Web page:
These include, according to McFaul, the withdrawal of all Russian troops from the disputed territories of Abkhazia and South Ossetia, as well as, remarkably, from Kaliningrad. The latter is internationally recognized as a sovereign Russian territory. The US and NATO demand to decide where troops within Russia’s borders can be stationed means that Russia must come to terms with the loss of its sovereignty. This is the type of requirement imposed on a conquered country.
In this context, Germany’s aggressive stance must be particularly shocking to Russia, which has not forgotten that the 1941 invasion cost the Soviet Union around 30 million lives. The Spiegel, Germany’s most widely circulated news magazine, says in its latest issue: “NATO should finally deliver lethal weapons to Ukraine.
This is not the language used when efforts are made to defuse a crisis. the Washington Post goes so far as to suggest that the possibility of a negotiated settlement of disputes with Russia has been exhausted.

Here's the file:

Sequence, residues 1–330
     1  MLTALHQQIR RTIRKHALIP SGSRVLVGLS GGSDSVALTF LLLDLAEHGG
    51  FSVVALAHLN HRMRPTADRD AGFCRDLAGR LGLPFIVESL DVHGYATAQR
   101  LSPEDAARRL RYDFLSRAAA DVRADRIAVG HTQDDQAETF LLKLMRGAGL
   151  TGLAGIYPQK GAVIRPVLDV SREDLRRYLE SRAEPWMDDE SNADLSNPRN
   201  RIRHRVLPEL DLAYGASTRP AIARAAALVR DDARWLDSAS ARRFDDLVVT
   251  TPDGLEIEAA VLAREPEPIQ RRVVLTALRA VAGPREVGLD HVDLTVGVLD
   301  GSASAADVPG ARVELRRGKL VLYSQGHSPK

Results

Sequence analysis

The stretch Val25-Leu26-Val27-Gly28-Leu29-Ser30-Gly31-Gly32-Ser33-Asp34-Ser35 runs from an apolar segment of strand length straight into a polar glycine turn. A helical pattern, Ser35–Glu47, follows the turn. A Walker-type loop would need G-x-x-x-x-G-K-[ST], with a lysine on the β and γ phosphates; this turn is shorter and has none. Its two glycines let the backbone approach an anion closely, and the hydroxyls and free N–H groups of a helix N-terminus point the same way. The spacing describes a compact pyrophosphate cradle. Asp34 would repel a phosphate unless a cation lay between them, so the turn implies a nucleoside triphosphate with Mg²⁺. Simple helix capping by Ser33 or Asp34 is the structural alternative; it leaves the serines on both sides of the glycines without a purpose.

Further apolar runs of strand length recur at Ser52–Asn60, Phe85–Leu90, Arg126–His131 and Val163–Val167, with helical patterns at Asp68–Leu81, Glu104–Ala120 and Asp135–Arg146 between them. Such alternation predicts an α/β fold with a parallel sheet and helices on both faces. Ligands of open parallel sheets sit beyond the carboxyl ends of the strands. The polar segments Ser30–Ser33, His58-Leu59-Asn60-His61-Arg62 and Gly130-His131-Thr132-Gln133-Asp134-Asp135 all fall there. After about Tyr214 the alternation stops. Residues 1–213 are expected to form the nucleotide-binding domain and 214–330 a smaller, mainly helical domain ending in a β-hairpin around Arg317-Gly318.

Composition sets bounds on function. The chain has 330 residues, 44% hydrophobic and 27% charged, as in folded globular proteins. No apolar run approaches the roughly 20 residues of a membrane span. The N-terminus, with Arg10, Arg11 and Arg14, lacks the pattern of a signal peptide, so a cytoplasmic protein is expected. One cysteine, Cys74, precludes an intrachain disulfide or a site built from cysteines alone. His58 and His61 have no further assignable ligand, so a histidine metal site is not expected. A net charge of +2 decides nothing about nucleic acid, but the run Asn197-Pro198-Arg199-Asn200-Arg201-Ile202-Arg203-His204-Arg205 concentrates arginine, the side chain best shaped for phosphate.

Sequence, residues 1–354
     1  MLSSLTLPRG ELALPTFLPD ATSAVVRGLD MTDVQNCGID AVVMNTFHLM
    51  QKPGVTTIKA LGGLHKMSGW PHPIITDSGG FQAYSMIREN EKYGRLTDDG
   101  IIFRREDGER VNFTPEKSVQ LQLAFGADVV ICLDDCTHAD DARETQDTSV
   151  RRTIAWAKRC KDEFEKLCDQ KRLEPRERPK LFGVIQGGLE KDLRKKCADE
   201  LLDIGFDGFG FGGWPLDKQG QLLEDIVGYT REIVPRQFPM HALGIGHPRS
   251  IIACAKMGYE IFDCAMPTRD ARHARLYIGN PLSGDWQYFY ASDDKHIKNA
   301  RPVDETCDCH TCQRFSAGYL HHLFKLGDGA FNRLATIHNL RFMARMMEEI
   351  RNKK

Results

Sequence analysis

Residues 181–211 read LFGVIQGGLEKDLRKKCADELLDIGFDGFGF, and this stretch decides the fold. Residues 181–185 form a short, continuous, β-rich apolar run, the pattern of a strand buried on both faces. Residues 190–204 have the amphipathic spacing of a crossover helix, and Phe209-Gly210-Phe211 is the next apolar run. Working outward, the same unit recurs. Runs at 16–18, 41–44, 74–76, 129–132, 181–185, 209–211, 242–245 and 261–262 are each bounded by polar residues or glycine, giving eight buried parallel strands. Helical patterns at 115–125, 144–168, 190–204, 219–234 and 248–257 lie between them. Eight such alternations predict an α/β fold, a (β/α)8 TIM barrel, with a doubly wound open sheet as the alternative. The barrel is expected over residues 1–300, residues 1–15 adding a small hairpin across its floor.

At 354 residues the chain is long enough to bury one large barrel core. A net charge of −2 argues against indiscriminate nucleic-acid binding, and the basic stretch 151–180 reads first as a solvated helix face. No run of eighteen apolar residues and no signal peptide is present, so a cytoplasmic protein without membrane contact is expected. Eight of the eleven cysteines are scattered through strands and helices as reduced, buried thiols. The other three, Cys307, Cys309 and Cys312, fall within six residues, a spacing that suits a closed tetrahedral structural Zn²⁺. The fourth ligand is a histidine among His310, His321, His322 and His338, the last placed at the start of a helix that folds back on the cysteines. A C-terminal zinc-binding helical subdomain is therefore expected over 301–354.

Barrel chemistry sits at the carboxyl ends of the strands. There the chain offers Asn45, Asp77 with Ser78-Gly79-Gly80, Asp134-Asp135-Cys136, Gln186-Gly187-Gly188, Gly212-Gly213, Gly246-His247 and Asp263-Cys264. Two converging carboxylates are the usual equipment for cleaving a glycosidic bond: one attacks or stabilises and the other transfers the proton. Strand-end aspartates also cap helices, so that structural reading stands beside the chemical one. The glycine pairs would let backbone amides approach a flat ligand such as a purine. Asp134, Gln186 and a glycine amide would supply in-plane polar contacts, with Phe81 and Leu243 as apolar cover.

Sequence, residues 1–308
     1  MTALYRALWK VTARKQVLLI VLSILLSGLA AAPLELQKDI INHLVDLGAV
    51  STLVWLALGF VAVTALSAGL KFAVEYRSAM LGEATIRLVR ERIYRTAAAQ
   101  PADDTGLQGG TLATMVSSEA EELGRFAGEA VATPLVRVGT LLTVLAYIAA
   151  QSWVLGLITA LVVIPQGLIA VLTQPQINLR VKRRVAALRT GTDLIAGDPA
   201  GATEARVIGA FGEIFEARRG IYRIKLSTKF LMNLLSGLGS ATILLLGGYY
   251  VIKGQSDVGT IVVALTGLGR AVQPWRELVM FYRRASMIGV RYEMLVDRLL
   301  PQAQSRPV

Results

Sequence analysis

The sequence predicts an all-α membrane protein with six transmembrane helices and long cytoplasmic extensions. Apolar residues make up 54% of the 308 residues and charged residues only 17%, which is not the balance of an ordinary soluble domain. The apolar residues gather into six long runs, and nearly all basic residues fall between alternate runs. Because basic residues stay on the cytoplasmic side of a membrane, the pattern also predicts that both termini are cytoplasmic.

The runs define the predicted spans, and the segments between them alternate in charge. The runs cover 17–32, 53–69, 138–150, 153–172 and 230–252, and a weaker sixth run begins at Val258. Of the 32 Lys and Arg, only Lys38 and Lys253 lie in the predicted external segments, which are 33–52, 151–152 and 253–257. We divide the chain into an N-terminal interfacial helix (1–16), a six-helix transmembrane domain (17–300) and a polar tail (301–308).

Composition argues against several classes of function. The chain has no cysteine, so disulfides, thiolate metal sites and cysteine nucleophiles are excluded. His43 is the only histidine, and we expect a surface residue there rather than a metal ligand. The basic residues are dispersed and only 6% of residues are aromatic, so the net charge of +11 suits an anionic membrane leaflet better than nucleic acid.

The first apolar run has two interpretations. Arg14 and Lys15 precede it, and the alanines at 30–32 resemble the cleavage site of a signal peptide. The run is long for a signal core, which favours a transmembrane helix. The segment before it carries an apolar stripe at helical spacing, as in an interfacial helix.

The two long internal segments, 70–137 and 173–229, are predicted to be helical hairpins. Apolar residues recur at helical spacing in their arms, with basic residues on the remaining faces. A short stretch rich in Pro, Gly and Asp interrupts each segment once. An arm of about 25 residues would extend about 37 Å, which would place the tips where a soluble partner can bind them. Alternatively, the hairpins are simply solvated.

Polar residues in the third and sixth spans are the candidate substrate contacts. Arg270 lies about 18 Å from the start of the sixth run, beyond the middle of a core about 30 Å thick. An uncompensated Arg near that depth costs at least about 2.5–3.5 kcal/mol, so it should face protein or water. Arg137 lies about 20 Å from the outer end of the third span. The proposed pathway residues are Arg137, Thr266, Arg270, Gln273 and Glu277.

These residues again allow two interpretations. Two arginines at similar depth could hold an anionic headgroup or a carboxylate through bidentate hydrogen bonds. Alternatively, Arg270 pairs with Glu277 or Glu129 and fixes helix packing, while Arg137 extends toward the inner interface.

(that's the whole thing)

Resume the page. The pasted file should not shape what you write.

He writes, “With winter turning Ukraine’s flat terrain into a frozen dirt fast lane for Russian tanks, the window of opportunity for a diplomatic solution is rapidly closing – if ever it was truly open.”
The assertion that the time for negotiations is coming to an end is a ploy used by those who plan to start a war, not by those who seek to avoid it.
The fact that more than 75 years after the end of the Second World War, the population of the former Soviet Union is once again facing catastrophe is the tragic consequence of the liquidation of the USSR thirty years ago, orchestrated by the Communist Party nomenklatura based on the assertion, now so tragically false, that imperialism was some kind of myth and that the reintegration of Russia into the global capitalist economy would usher in a new era of peace and security.
Russia now faces a situation in which NATO troops and war machines are stationed on its very borders and NATO regularly conducts massive military exercises all along its western flank.